Are Your Clients Putting Your Business At Risk?Rieva Lesonsky
You take steps to protect your small business, whether by setting up security cameras outside your store or encrypting your sensitive business data to protect it from cyber crooks. But did you ever stop to think that your clients and customers could be putting your business at risk — without you even knowing it?
More than 35.2 percent of respondents in a survey of over 1,000 small business owners experienced an event last year that could have led to an insurance claim. Some of the incidents won't surprise you. Here’s a look at some of the most common types of incidents:
• Employee injury: 10.6 percent of companies experienced this type of injury.
• Burglary or theft: 8.8 percent
• Fire, storm damage or cracked pipes: 6.6 percent
• Customer injury: 2.4 percent
• Product that caused injury or damage: 2.3 percent
However, you might be surprised to learn that by far the number-one source of insurable incidents is a client complaint or contract dispute. Nearly one-fourth (22.2 percent) of small business owners in the survey say they have suffered from this type of incident.
Client complaints and contract disputes can be one of the most expensive types of disputes to resolve, according to the survey, which reports that the median cost of a contract lawsuit is $91,000. This type of dispute most often happens to service businesses, such as accountants, consultants or IT companies. Your client may claim that you made an error in performing the work (for example, an accounting error that cost the client money), that you were negligent or that you otherwise failed to fulfill the terms of the contract.
How can you handle a client complaint or contract dispute? Prevention is the best solution. Before entering into any project with a customer, even a long-time customer, make sure you have a detailed contract and that both sides have approved any changes to the contract. The contract should clearly specify the scope of the work, as well as what will happen if the client wants to change the contract after it is signed or add to the deliverables. Take the time to carefully listen to the client when crafting the contract and confirm that you understand their expectations.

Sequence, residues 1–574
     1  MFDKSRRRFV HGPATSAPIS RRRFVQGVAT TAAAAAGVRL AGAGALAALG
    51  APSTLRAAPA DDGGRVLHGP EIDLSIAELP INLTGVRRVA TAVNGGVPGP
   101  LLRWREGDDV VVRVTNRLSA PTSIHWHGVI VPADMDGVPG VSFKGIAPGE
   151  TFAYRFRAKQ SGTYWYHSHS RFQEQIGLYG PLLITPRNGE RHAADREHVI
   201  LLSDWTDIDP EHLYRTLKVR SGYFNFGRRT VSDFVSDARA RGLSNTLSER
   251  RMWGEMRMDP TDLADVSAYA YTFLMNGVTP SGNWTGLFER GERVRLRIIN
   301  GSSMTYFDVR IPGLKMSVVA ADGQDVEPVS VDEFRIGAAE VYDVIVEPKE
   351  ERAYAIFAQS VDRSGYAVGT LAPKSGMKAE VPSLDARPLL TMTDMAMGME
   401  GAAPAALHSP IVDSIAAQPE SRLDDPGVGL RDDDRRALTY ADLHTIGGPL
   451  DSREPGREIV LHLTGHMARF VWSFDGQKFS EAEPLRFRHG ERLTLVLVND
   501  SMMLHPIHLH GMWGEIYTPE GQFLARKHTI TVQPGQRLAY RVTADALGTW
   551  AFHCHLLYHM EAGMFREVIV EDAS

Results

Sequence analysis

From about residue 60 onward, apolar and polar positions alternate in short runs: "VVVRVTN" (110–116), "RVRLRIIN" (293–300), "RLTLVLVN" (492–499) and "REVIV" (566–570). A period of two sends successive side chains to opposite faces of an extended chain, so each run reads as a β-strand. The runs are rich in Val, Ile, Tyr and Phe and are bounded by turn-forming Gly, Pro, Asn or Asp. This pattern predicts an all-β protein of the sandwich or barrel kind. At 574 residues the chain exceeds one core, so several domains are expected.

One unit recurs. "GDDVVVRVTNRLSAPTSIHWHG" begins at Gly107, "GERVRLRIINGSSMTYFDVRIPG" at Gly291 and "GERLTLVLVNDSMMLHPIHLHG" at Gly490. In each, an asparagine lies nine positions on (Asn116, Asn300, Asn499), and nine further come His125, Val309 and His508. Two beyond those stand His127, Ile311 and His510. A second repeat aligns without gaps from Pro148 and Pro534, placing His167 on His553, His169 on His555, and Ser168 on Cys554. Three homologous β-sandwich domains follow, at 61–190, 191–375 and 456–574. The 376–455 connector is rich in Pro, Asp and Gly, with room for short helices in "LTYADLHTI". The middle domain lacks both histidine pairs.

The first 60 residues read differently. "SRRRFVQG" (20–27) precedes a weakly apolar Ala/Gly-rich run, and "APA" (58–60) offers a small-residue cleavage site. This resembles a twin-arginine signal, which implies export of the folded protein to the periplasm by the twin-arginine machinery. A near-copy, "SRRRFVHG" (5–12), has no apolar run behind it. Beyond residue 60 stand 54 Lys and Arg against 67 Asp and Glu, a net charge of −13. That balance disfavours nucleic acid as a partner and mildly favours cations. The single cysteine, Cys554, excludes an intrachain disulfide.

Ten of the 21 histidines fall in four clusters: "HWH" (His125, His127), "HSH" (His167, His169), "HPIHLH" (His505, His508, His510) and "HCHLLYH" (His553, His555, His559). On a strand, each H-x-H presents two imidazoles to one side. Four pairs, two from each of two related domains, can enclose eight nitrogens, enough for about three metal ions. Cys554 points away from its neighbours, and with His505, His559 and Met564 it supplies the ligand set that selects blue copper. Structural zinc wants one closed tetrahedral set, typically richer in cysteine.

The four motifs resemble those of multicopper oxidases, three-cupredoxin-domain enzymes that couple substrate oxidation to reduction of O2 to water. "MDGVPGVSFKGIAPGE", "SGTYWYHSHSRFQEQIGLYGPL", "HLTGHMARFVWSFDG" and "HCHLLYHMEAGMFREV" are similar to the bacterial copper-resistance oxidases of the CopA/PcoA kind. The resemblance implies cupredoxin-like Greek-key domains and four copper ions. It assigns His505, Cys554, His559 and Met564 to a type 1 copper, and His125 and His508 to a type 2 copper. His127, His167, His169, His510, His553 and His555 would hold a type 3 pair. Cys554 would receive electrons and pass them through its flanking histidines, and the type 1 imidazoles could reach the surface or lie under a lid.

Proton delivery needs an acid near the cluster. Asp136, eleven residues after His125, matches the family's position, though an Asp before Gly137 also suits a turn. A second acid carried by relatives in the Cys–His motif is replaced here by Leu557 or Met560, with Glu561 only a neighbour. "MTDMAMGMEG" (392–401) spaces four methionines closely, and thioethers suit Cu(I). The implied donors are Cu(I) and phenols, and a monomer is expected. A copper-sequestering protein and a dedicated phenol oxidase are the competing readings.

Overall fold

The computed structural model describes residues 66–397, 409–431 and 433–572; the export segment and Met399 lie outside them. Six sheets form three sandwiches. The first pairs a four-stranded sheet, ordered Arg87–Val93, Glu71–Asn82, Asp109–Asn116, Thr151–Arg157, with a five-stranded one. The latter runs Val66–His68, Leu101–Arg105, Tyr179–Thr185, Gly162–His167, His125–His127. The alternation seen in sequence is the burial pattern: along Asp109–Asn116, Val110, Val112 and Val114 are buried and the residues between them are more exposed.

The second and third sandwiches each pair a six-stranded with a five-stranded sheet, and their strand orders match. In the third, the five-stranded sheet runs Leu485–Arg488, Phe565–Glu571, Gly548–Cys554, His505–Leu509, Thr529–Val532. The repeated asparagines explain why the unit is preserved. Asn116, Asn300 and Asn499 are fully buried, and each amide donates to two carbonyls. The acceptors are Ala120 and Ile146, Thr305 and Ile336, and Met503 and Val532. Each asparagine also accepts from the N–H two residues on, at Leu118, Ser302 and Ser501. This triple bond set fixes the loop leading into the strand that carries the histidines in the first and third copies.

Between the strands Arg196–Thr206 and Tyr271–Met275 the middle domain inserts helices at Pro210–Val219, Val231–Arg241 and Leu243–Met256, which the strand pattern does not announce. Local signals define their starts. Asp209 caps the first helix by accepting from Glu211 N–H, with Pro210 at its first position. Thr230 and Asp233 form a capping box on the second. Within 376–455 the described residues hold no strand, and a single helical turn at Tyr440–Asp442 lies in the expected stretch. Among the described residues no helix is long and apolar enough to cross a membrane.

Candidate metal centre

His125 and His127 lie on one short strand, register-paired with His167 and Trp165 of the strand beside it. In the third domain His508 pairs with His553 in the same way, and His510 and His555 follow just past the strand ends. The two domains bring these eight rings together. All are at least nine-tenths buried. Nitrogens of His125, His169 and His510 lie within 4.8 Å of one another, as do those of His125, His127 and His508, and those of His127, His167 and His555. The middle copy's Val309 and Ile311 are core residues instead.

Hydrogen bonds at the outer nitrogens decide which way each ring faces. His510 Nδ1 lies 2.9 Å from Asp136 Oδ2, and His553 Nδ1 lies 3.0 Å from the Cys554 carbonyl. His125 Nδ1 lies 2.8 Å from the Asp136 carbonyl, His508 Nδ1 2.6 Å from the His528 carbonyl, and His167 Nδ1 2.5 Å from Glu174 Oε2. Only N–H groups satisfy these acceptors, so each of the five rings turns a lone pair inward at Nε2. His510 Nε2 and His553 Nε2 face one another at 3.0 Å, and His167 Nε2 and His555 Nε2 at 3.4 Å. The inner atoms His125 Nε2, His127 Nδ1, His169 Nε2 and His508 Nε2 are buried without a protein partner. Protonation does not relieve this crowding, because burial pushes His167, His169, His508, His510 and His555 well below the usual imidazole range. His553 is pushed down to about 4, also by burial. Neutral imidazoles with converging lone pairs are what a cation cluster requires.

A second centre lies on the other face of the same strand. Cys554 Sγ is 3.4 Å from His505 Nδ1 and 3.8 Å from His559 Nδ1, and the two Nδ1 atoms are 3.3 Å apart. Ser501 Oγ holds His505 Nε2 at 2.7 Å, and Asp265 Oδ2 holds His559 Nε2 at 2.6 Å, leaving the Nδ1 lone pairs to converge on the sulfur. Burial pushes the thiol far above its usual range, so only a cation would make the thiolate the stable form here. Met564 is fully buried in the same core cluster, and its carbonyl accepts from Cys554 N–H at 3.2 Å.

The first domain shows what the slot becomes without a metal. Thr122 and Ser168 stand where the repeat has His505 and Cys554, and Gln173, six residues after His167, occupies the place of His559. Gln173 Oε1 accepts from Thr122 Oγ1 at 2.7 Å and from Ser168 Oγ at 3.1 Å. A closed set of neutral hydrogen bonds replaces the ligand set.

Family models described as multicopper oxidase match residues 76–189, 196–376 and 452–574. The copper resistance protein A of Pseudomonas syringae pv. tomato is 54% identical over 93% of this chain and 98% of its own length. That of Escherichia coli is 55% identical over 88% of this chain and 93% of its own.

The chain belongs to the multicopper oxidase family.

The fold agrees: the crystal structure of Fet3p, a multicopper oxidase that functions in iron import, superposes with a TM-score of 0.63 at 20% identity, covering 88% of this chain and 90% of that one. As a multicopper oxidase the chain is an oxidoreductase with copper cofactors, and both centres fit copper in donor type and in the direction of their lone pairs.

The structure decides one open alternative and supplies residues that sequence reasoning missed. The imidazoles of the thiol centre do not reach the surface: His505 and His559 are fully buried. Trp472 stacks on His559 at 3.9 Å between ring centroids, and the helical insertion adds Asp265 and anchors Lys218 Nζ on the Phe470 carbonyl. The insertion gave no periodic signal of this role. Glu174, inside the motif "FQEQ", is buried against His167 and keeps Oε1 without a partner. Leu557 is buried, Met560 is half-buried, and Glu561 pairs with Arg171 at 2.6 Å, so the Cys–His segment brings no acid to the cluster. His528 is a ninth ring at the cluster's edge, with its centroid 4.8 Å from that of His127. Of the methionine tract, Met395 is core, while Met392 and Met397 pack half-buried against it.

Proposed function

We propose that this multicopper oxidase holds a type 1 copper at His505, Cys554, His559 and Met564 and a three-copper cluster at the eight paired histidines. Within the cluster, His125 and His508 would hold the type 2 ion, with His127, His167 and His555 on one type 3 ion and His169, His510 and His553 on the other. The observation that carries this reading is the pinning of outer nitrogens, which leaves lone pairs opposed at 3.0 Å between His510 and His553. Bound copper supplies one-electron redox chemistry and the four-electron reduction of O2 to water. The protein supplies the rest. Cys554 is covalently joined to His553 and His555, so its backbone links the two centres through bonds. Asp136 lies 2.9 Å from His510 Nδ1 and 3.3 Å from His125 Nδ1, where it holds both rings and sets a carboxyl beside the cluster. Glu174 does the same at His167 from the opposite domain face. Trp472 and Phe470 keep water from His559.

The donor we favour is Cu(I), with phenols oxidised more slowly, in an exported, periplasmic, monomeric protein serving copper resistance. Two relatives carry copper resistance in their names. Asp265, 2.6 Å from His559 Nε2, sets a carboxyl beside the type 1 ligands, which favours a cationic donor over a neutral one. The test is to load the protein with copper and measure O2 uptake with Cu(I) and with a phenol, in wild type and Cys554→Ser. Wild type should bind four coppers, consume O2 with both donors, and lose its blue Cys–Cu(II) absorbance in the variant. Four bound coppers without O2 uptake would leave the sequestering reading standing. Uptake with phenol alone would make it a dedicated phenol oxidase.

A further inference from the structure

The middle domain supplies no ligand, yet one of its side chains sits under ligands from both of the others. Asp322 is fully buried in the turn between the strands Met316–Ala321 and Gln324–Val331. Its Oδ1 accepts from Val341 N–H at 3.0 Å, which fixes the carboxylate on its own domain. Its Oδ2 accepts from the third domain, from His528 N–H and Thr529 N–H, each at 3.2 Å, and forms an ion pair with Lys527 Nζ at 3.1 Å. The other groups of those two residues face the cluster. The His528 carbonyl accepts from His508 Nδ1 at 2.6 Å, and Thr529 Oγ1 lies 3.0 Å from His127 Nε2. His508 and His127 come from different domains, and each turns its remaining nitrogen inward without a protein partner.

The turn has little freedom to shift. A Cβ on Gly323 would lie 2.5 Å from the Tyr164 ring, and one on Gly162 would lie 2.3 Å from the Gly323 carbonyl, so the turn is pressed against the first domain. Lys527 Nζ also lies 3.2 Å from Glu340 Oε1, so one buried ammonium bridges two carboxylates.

What if, despite all your best efforts, a client still claims you didn't fulfill the terms of your contract? Many small business owners prefer to try to resolve such disputes on their own, without involving their insurance company or going to Small Claims Court. To successfully resolve the dispute, start by acknowledging why the client is upset, then really listening to them describe the problem as they see it. Often, acknowledging someone's frustration without getting defensive goes a long way toward repairing the damage.
Assuming that you are in the right, you don't want to give the client a refund or redo all the work you did for free. Instead, propose a choice of two solutions and let the client decide which one they prefer. You may need to take some time to think this over to come up with solutions that you think are fair. When clients feel that they have control over the process, they’re more likely to be satisfied with the outcome.
Getting professional liability insurance (sometimes called errors and omissions, or E&O, insurance) can help protect your business in case a client contract dispute can't be resolved amicably. This type of insurance protects your business against claims that you or your employees were negligent, made an error or otherwise failed to live up to the terms of your contract. While you may not always want to call in your insurance agency to handle a conflict with a customer, it's nice to know that you have the option of getting backup if you need it.